The attorney for the Metropolitan Taxicab Commission argued that Lyft’s background checks aren’t up to snuff, as witnessed by the weekend arrest of a Lyft driver on an outstanding felony.
The car service debuted in St. Louis on Friday, and yesterday, a judge told Lyft to park it, issuing a temporary restraining order.
The controversial launch—or lack thereof—of Lyft is a “make-or-break” moment for St. Louis, but for different reasons from different points of view.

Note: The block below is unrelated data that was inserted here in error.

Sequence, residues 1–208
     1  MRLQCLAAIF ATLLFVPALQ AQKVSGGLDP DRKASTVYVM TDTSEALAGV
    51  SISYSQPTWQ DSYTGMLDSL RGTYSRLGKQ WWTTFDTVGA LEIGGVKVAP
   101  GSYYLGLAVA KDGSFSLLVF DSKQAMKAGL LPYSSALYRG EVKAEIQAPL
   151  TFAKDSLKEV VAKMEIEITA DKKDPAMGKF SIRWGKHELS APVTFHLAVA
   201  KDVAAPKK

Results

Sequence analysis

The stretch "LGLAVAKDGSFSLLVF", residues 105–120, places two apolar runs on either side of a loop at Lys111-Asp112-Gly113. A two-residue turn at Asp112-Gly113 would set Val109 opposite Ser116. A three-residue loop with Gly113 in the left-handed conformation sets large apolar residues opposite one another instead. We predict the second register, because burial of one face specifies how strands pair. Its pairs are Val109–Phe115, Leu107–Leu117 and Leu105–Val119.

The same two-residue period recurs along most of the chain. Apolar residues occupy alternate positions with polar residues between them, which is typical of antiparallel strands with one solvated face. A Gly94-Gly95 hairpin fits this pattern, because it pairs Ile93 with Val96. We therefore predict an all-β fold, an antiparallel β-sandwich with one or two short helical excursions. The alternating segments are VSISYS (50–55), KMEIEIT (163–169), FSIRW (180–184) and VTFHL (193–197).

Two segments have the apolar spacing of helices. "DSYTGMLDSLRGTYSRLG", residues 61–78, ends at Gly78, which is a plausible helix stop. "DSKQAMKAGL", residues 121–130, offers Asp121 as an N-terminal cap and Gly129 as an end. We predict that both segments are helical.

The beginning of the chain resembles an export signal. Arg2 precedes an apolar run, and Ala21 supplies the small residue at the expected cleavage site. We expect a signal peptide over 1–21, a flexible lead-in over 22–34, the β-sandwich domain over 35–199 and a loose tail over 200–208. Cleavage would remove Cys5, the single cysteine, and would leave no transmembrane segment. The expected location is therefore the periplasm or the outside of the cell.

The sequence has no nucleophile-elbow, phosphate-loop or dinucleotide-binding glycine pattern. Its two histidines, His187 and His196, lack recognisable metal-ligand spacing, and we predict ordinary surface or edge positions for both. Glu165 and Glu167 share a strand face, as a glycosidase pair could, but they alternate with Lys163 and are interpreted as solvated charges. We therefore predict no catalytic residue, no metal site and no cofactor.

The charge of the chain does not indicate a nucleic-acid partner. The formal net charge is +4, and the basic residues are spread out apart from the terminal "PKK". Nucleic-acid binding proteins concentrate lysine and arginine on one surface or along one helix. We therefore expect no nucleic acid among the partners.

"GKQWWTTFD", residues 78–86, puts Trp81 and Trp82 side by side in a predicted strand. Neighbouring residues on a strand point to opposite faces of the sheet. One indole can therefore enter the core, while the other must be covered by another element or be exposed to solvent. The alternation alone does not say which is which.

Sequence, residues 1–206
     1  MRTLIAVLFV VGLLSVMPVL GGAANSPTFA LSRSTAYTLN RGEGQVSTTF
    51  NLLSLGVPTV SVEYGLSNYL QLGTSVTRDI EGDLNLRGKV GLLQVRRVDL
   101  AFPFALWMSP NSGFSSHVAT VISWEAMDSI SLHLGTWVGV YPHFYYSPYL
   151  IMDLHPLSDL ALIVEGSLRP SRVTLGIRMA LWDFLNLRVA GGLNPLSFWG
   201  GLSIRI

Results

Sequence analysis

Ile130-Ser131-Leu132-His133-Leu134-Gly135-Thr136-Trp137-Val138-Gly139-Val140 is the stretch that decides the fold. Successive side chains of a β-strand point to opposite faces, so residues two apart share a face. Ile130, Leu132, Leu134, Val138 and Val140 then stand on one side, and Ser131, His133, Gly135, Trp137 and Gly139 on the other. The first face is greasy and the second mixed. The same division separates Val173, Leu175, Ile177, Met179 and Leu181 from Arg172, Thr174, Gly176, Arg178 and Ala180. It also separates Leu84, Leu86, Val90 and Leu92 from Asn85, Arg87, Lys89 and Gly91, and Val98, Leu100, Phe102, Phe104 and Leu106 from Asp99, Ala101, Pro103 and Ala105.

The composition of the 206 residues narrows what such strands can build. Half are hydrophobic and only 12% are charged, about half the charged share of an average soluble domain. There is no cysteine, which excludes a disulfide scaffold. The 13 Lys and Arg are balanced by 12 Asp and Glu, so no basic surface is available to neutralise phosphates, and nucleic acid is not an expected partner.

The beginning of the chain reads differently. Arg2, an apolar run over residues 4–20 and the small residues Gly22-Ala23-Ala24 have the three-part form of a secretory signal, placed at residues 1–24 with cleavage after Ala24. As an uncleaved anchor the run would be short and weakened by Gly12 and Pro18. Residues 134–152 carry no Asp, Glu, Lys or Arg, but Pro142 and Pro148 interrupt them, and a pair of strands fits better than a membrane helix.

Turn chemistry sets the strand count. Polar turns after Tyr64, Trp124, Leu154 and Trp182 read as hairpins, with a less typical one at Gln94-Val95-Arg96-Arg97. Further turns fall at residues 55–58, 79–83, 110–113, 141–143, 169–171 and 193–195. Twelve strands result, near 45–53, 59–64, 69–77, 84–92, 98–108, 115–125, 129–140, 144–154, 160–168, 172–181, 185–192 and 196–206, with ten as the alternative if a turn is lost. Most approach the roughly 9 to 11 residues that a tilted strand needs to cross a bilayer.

Lyft plans a big launch in St. Louis on Friday, although the city—and its rules and regulations—could keep the red-hot car-sharing service grounded.
Lyft, an app-dispatched car-sharing service known for its fuzzy pink mustaches on the front of cars, is looking for interested drivers in St. Louis — but isn’t ready to hit the road.